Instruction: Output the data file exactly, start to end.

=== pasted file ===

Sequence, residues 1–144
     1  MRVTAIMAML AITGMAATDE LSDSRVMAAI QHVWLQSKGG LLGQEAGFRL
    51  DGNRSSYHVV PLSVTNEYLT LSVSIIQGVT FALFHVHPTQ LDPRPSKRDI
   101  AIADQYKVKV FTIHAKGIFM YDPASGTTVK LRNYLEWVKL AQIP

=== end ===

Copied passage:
Sequence, residues 1–144
     1  MRVTAIMAML AITGMAATDE LSDSRVMAAI QHVWLQSKGG LLGQEAGFRL
    51  DGNRSSYHVV PLSVTNEYLT LSVSIIQGVT FALFHVHPTQ LDPRPSKRDI
   101  AIADQYKVKV FTIHAKGIFM YDPASGTTVK LRNYLEWVKL AQIP